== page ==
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Bill Owen wrote: "While we have successfully reaccommodated the majority of our Customers traveling between now and May 3, we have also realized that the only realistic option as we go forward into peak travel season is to give full refunds on existing purchased tickets. As we examined reaccomodation options beyond May 3, it became readily apparent that, given the significant reduction in capacity between the Mainland and Hawaii after the discontinuation of both ATA and Aloha Airlines, there were simply too few seats left available to offer all of our Customers suitable rebooking options." Bill, were you trying to say that the number of people booked per day for the summer months was much greater than the number per day for April, exceeding the total number of unsold seats? Even though the summer travel season was two full months away and many people don't book that far ahead? And even though Southwest had not sold any tickets at all for travel after August 22? This would seem to be the only way that it would be literally impossible (as opposed to merely expensive) to find seats for everyone in May-August even though Southwest had found seats for everyone in April. Or were you saying that the fares were much higher in the peak travel season and therefore less affordable? Or were you saying both, that more passengers per day needed to be accommodated at higher fares each, and many would still face sold-out flights? Did Southwest unsuccessfully attempt to negotiate a volume discount from UA or HA? Was that the last straw? If sufficient seats didn't exist at any price, why not rebook as many as you could, based on original booking date? Nobody could then criticize Southwest for not doing everything it could. I could have respected even a decision that Southwest would add a maximum of $400 per person to the ATA fare, and that the customer would have to pay the rest. The idea that rebooking has to be offered to everyone or nobody is silly. Every day Southwest boards standby passengers while others are left behind for a later flight or another day. It's first-come, first-served, and everybody understands that. Do you cancel a flight when it's oversold, leaving everyone behind rather than just the last few people? Of course not. Bill, your statement leaves customers like me guessing as to Southwest's precise motivation. The only time that outcome makes sense is when the explanation would confirm the worst suspicions. Otherwise it's beneficial to make your case as clearly as possible, leaving no room for incorrect inferences. IMHO, a clear and direct exposition of the problem, complete with numbers of seats and dollar cost estimates, could have changed quite a few minds and retained most of the trust that has been lost. When trust is at issue, the solution is openness.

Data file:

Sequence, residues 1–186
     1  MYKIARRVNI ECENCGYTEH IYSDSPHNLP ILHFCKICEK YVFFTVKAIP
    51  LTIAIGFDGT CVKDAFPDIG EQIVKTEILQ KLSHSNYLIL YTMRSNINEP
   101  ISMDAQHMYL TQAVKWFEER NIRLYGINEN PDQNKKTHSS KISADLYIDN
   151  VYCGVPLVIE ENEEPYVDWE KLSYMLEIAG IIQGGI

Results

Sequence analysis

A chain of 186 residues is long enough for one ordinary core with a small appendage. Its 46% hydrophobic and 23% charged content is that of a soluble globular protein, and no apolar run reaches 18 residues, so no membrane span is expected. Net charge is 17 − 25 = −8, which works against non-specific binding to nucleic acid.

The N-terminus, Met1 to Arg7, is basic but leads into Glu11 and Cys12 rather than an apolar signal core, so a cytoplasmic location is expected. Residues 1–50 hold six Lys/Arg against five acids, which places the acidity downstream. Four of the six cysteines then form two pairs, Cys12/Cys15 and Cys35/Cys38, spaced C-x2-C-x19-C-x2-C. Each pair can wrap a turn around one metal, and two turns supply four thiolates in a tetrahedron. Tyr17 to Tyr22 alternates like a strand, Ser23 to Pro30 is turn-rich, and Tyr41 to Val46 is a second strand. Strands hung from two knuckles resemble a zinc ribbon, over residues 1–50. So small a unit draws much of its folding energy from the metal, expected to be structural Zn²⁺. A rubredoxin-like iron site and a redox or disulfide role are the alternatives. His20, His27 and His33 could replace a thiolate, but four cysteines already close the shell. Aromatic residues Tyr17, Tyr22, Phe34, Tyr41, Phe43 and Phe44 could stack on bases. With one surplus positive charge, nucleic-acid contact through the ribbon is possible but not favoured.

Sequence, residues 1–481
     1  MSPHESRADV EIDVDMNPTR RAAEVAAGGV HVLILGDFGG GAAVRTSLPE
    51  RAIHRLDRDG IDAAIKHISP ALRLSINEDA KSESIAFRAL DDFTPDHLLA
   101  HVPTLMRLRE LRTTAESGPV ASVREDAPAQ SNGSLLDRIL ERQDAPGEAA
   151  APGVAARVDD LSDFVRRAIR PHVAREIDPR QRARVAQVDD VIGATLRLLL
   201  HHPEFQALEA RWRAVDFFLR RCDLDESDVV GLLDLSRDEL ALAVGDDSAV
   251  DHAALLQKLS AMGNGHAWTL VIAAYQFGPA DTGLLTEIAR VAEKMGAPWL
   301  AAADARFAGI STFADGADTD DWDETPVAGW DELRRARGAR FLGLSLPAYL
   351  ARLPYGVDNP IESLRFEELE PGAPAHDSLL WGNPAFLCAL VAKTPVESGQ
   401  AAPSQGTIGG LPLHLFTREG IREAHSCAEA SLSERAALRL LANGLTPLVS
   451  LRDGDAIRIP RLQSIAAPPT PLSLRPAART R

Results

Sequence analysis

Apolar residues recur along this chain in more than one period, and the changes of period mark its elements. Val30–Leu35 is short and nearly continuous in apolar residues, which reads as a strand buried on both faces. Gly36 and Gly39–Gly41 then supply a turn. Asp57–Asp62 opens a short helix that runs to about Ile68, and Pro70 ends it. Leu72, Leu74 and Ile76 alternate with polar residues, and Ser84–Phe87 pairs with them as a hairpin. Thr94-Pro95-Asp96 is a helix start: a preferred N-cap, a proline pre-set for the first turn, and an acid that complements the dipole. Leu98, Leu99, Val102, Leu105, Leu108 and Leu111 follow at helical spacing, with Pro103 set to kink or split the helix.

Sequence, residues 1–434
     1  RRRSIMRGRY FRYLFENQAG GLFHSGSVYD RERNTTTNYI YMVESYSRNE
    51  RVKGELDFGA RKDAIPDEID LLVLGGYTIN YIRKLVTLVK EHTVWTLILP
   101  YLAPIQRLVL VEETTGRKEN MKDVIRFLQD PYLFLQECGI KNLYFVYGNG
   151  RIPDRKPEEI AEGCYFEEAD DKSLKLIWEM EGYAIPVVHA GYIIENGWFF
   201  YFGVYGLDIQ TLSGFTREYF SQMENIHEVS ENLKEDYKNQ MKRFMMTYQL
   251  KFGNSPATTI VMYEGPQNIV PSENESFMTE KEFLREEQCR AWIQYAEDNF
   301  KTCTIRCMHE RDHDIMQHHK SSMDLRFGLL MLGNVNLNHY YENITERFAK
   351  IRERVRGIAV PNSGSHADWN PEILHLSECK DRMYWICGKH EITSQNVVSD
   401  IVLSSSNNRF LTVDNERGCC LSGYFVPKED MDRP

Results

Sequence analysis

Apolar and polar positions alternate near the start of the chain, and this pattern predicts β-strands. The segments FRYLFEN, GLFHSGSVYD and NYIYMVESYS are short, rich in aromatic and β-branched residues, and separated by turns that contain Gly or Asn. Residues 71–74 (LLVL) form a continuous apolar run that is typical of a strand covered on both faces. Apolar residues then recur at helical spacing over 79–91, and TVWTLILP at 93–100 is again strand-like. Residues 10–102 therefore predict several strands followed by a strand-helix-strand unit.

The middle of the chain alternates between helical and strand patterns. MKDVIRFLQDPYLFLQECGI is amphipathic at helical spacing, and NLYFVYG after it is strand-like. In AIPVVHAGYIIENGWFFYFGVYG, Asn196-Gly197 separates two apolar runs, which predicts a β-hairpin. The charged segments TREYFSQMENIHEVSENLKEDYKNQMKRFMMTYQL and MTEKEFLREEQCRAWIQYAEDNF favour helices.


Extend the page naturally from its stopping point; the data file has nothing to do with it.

Bill
Employee
Employee
Nsx, forgive my delay in responding (and yes, blog readers, IÃ
Eric20
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Bill, I couldn't agree with you more. People are going to hear only what they want to hear. Our airline did the best in a situation that was dismal. And for those of you who stated that we should have known about ATA's finances, well folks, any airline is up in the air at this point. Are you going to fly United to Hawaii who just lost 537 million dollars or American, who lost 328 million dollars in just one quarter? No one has a crystal ball. No airlines are safe from peril. When all the airlines finally get their act together and raise fares tremendously to offset fuel costs, then there is a topic for your debate. But you cannot have your cake and eat it too. Fares that are conducive to cover wages, benefits, and especially fuel equals a successful airline. Fares that warrant thrifty passengers that aren't willing to pay higher prices, well, just drive then.